Statistics department chair David Madigan has been appointed interim executive vice president of Arts and Sciences, University President Lee Bollinger announced on Friday.
Madigan will also serve as dean of the Faculty of Arts and Sciences. He replaces Nicholas Dirks, who stepped down in November after eight years at Columbia to become chancellor of University of California, Berkeley.
Bollinger said in an email to the Faculty of Arts and Sciences that “a full time Interim EVP would be helpful in ensuring that the Arts and Sciences continues on its upward trajectory” during the “crucial budgetary and academic recruiting decisions” that are made during the spring semester. For the last four months, Provost John Coatsworth has taken on the duties of the EVP.
Madigan was not available for comment Friday.
Madigan’s appointment comes as a search committee chaired by international affairs professor Robert Jervis continues its hunt for a permanent EVP. The committee, which has been working since December, is composed of 10 professors, a dean, two alumni, a graduate student, and an undergraduate student.
Jervis said in an interview that the committee plans to deliver an unranked list of three candidates to Bollinger by late April. Bollinger will then choose a permanent EVP by the end of the semester.
“Our job is to make Bollinger’s choice difficult—difficult because there are three such good candidates,” Jervis said.
The committee has not yet begun interviewing, though Jervis said it will likely interview between 10 and 12 candidates before narrowing its list to three.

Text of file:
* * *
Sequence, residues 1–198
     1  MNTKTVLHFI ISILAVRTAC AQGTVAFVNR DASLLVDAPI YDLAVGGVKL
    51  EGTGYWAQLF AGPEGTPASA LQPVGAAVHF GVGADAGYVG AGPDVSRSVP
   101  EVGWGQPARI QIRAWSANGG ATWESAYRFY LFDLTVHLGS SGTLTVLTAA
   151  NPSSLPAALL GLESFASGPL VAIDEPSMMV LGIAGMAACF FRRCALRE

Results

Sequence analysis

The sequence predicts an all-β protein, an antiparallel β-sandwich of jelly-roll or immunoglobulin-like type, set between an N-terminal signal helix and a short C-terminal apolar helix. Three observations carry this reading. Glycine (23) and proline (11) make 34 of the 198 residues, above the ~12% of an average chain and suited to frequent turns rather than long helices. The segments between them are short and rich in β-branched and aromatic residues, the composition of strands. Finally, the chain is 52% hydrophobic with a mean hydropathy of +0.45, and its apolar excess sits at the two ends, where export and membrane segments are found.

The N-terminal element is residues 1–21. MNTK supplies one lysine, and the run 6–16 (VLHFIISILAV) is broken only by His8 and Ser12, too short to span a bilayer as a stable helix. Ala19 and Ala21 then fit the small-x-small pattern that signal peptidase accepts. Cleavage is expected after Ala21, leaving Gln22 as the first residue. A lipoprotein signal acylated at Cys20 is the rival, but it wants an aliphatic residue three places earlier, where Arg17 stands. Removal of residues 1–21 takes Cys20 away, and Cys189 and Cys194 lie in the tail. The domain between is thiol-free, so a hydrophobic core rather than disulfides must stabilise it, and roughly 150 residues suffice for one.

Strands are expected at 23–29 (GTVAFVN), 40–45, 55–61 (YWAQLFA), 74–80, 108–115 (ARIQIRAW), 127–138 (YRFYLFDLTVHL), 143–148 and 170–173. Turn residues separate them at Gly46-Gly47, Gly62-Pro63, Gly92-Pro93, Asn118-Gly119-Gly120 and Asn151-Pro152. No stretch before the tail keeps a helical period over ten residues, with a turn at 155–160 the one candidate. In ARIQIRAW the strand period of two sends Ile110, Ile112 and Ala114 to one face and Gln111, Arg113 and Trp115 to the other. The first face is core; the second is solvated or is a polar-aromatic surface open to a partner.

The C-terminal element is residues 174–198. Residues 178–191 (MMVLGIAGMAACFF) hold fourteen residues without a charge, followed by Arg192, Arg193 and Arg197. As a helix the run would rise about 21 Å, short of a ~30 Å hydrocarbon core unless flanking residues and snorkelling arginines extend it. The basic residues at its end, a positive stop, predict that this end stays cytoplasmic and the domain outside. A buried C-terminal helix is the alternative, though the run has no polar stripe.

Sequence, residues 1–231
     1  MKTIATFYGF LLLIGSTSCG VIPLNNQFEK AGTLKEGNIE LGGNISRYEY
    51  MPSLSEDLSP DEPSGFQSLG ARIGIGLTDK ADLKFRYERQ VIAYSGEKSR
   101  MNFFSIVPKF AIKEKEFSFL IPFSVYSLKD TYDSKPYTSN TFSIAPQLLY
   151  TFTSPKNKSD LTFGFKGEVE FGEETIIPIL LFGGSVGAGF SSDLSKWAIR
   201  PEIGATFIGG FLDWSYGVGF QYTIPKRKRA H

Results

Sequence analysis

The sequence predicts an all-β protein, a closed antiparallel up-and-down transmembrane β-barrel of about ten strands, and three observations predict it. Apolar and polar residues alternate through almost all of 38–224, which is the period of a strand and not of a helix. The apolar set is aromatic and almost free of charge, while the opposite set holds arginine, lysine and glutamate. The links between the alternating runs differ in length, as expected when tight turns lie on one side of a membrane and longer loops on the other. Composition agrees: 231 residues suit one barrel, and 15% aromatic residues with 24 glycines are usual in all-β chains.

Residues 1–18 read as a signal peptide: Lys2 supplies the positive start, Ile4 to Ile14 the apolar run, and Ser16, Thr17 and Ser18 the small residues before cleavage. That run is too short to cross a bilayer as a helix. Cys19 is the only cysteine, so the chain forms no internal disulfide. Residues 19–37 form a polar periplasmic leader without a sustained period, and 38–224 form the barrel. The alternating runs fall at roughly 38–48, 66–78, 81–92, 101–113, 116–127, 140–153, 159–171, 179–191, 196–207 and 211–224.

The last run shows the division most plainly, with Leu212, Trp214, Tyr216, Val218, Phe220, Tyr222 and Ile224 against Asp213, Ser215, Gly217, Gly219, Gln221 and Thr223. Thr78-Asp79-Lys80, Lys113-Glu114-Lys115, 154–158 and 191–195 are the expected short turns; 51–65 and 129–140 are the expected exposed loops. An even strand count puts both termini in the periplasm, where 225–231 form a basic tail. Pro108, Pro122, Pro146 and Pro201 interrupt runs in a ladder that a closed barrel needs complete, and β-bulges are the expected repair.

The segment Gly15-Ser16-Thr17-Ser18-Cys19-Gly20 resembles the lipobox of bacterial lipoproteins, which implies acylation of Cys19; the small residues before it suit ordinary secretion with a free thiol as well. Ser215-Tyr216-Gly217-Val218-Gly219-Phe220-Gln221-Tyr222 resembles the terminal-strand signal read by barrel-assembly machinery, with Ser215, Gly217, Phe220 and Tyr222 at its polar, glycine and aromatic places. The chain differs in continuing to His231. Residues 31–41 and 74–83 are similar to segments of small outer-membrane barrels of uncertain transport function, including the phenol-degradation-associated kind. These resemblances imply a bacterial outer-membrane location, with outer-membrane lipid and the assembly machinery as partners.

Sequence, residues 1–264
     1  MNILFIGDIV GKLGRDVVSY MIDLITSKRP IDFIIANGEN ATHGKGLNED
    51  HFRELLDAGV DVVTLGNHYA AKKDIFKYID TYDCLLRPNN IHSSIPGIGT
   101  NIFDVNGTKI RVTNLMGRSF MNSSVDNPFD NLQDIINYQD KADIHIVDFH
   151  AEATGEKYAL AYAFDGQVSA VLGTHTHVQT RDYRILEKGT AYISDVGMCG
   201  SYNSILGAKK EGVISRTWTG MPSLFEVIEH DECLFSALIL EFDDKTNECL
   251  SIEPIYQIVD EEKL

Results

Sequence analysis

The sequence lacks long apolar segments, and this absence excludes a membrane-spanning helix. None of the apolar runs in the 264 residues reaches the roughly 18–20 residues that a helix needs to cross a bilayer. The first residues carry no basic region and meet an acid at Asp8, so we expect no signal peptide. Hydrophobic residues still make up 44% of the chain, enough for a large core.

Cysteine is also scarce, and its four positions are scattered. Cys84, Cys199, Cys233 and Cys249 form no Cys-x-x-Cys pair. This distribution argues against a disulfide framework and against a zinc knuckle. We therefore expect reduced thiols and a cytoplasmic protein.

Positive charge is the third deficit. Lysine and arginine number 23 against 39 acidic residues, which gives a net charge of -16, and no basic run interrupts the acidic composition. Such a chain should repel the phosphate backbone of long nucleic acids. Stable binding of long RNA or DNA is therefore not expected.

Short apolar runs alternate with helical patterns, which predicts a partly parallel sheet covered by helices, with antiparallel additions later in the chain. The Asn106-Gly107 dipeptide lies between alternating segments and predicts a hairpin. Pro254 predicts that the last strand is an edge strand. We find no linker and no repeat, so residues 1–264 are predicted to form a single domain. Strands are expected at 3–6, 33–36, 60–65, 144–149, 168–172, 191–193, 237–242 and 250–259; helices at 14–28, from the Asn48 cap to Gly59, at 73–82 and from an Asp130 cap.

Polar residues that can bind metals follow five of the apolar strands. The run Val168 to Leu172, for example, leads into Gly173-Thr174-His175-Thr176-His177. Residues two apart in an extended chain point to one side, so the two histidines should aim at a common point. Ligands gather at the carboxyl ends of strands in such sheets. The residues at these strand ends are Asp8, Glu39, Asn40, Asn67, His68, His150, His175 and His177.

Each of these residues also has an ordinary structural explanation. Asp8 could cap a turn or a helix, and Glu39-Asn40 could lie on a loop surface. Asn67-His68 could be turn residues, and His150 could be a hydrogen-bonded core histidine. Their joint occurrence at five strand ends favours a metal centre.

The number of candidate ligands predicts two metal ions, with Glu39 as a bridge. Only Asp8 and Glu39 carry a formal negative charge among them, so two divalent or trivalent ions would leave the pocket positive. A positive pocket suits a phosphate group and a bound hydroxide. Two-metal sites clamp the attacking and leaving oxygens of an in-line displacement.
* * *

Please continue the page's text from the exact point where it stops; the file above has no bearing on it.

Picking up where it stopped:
“We want someone who has intellectual high standards and who really knows the importance of teaching and research at the very highest levels,” Jervis said. “On the other hand, we need someone who’s also a good administrator.”
“The job is very complicated—the person has to move the paper or things won’t happen,” he added.
Search committee member Daphne Chen, CC ’14 and Columbia College Student Council vice president of finance, said she’s looking for a candidate who will make the EVP’s office more accessible to students.
“It’s one of the busiest jobs you can have on this campus,” Chen said. “In the past, it’s been hard for students to access it. It would be nice to know that that avenue is open to students, that if we really wanted to, it’s possible for us to schedule a meeting with the EVP.”
In an interview this week, Dirks, who served as EVP for more than eight years, said he was ready to move on.
“Any job has a kind of timeline to it—nine, 10 years is a good run,” he said. “I was beginning to think that some of the routines were getting a little old and it was probably a good thing for someone else to come in with a fresh vision.”
But the position “kept me on my toes over the past eight and a half years,” Dirks added. He cited scarcity of funds as one of the greatest challenges he faced in his position.
“There’s never seemed to be quite enough money to do everything you want to do,” he said. “It’s difficult to figure out among all the competing demands how best to invest in faculty and programs and of, course, students.”
Dirks said the new EVP will have to be “able to think about the broad picture of the University, not just the departments where one has lived and worked.” He said his successor would likely focus on Columbia’s nascent Manhattanville expansion and the Mind Brain Behavior Institute that will open there in 2016.